assessments of student learning. Convene a national panel to collect, evaluate, and develop rigorous K–12 materials that would be available free of charge as a voluntary national curriculum. The model for this action is the Project Lead the Way pre-engineering courseware.

Action A-3: Enlarge the pipeline of students who are prepared to enter college and graduate with a degree in science, engineering, or mathematics by increasing the number of students who pass AP and IB science and mathematics courses.

Create opportunities and incentives for middle school and high school students to pursue advanced work in science and mathematics. By 2010, increase the number of students who take at least one AP or IB mathematics or science exam to 1.5 million and set a goal of tripling the number who pass those tests to 700,000. Student incentives for success would include 50 percent examination fee rebates and $100 mini-scholarships for each passing score on an AP or IB science or mathematics examination. Although it is not included among the implementation actions, the committee also finds attractive the expansion of two approaches to improving K–12 science and mathematics education that are already in use:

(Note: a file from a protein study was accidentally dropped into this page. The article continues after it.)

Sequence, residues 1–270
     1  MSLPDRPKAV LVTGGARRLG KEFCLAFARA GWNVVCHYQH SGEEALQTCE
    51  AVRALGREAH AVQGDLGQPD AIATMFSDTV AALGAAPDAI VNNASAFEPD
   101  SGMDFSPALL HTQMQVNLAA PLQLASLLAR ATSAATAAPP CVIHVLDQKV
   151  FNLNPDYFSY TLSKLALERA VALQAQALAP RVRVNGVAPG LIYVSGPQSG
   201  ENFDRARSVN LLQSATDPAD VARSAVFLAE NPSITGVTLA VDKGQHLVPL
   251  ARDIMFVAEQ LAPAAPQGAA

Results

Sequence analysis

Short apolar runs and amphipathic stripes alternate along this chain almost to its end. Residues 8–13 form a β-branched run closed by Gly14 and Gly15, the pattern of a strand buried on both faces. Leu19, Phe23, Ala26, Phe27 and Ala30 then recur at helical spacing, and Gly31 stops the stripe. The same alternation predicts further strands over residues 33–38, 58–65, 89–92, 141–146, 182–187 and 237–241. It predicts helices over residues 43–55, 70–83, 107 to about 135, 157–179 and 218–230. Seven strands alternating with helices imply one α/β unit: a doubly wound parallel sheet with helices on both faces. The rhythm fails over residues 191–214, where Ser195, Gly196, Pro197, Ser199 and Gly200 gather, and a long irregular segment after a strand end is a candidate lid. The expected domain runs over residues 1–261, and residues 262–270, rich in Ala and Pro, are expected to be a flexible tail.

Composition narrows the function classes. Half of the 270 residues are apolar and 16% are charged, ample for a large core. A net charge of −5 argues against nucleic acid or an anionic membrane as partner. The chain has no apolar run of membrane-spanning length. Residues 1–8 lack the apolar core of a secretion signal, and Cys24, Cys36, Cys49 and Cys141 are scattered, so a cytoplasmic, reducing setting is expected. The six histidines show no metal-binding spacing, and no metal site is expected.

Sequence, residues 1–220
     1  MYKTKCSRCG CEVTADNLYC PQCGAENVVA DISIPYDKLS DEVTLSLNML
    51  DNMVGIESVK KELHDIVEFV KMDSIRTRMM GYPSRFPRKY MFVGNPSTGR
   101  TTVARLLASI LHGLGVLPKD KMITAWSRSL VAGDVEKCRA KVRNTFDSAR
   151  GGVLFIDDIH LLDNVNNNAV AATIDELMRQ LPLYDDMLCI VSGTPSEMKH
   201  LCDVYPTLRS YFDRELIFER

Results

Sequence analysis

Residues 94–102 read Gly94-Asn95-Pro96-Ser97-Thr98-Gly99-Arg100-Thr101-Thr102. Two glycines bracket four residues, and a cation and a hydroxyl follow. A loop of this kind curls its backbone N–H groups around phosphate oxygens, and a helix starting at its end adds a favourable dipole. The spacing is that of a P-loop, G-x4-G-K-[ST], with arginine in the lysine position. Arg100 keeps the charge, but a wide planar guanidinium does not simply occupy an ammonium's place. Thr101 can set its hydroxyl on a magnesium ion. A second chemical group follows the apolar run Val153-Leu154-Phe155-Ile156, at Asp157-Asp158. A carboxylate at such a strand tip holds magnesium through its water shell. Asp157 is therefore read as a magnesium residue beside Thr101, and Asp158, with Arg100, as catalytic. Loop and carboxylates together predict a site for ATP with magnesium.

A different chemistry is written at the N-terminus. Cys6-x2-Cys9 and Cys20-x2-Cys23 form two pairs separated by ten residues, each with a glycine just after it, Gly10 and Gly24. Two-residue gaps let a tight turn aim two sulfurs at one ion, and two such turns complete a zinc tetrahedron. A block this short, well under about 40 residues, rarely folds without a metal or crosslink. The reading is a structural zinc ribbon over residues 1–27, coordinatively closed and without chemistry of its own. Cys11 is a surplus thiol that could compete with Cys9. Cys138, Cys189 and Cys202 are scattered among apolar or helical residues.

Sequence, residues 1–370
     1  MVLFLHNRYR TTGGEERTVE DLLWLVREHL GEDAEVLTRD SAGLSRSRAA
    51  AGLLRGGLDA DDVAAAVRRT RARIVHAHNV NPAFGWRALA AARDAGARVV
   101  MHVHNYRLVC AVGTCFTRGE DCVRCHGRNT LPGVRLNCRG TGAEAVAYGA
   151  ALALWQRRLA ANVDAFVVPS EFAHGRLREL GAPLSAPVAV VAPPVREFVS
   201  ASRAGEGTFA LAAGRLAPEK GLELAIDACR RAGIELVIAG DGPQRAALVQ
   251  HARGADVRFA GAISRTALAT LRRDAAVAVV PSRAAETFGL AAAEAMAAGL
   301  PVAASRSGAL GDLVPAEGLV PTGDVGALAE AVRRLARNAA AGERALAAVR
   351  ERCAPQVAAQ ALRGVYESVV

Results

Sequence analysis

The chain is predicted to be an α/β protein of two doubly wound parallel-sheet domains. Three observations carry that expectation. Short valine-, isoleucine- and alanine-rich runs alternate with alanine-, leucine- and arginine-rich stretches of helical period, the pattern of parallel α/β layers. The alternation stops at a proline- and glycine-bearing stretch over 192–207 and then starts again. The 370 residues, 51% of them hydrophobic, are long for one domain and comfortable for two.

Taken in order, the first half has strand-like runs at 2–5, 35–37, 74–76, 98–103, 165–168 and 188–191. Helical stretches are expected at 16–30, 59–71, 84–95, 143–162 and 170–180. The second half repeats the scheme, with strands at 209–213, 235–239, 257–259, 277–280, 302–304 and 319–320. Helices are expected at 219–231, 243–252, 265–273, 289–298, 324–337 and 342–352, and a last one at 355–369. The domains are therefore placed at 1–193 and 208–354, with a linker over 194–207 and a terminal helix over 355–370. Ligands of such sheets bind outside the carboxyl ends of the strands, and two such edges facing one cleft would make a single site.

• Statewide specialty high schools: Specialty secondary education can foster leaders in science, technology, and mathematics. Specialty schools immerse students in high-quality science, technology, and mathematics education; serve as a mechanism to test teaching materials; provide a training ground for K–12 teachers; and provide the resources and staff for summer programs that introduce students to science and mathematics.

  • Inquiry-based learning: Summer internships and research opportunities provide especially valuable laboratory experience for both middle school and high school students.

The National Academies | 500 Fifth St. N.W. | Washington, D.C. 20001
Copyright © National Academy of Sciences. All rights reserved.
Terms of Use and Privacy Statement